A celebration of menopause as a life stage vital to our species’ survival, but one that has now been trivialized as a disease to be treated.
Mattern (History/Univ. of Georgia; The Prince of Medicine: Galen in the Roman Empire, 2016, etc.) begins by noting that menopause—the end of the reproductive phase of female life and the beginning of an extended period of aging—is rare outside of humans. Most female animals die within a few years of their last birth, including our primate relatives. The author elaborates on the “grandmother hypothesis.” Older women are more experienced, and, freed from giving birth themselves, they can assist daughters in childbirth and child-rearing. In Paleolithic times, when roving bands survived by foraging, these elders knew where to find the good plants. They also added to the number of adults as resources as opposed to dependent children. Menopausal women continued to be important in agrarian times when families settled on farm plots and society became patriarchal, with fathers owning the land and ruling the family. There were booms and busts over that 10,000-year period, and Mattern discusses the forces that kept population levels relatively stable. Everything changed with the Industrial Revolution and the advent of modern medicine, ushering in the modern era of massive population growth and lowered mortality. While menopause has been recognized as a stage of life for thousands of years, it was only in the early 18th century that the term began to incorporate negative ideas of excess blood, hysteria, irritable nerves, and so on. By the time hormones were discovered, menopause was considered an estrogen deficiency disease. The last third of the book embodies Mattern’s well-argued case that menopause could be considered a “cultural syndrome”: a set of symptoms, largely unclear in origin, that reflect psychological, social, and physiological factors that can create real problems and suffering.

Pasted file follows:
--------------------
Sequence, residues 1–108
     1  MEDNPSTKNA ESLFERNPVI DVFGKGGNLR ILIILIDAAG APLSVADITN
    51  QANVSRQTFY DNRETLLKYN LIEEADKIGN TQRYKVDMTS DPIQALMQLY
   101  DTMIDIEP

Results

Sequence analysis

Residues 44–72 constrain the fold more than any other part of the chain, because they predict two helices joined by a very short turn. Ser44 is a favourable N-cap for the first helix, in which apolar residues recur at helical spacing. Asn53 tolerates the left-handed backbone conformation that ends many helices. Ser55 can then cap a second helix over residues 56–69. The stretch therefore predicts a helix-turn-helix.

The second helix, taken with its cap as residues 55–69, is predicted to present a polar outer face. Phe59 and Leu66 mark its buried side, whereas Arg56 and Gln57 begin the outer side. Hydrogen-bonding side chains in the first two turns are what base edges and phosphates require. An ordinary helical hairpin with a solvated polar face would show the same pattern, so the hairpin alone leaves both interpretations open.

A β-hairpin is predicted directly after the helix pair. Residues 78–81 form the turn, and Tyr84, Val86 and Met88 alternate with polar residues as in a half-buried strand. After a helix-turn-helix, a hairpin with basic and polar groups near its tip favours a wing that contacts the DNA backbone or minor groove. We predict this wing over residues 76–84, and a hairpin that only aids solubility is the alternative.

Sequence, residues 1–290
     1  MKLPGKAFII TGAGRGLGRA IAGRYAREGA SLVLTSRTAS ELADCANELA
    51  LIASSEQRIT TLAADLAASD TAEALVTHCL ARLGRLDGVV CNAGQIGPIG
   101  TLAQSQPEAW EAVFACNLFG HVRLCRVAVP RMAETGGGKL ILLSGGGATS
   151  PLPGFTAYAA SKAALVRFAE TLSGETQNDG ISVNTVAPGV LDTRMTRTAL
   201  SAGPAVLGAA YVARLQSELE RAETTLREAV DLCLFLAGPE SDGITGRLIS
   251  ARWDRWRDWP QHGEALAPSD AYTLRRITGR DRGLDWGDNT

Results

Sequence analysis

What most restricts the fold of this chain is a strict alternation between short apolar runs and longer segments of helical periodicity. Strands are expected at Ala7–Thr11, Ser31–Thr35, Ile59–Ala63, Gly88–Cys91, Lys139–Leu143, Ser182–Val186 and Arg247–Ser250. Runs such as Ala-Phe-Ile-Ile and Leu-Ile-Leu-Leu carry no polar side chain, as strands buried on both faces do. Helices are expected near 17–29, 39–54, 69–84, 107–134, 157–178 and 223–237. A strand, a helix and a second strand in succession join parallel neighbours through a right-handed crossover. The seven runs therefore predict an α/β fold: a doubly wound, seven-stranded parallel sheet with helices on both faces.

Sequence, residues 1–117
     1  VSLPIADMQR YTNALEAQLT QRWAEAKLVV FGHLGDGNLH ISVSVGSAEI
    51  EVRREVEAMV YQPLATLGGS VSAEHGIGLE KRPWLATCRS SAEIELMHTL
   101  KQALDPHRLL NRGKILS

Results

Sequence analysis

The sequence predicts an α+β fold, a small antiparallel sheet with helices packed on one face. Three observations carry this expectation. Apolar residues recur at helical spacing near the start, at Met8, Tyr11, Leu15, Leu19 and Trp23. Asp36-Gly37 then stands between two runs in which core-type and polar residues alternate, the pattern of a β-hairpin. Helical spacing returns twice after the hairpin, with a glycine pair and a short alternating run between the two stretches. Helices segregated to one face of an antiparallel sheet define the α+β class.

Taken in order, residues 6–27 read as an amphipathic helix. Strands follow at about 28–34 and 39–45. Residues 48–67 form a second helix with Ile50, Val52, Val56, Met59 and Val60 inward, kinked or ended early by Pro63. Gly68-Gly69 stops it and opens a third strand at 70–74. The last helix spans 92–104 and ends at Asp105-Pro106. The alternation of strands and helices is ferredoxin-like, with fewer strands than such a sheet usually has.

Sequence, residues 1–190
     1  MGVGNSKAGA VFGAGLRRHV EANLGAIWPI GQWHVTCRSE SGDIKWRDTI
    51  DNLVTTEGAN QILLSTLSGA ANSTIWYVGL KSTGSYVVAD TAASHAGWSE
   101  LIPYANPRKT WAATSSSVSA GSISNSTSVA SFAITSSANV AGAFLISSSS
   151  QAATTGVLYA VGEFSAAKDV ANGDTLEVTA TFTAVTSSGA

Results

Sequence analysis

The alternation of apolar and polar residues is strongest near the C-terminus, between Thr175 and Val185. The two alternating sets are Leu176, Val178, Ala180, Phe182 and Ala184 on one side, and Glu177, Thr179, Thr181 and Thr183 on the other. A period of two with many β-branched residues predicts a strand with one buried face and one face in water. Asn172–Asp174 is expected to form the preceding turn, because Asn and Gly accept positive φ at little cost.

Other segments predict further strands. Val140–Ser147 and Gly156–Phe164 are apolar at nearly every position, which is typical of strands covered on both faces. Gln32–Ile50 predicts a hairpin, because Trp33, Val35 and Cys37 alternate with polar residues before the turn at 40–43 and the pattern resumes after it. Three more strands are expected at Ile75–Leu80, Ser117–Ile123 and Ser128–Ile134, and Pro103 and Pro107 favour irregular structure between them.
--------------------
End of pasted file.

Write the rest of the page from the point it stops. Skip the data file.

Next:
A wise history of a subject that is “deeply…implicated in the human condition.”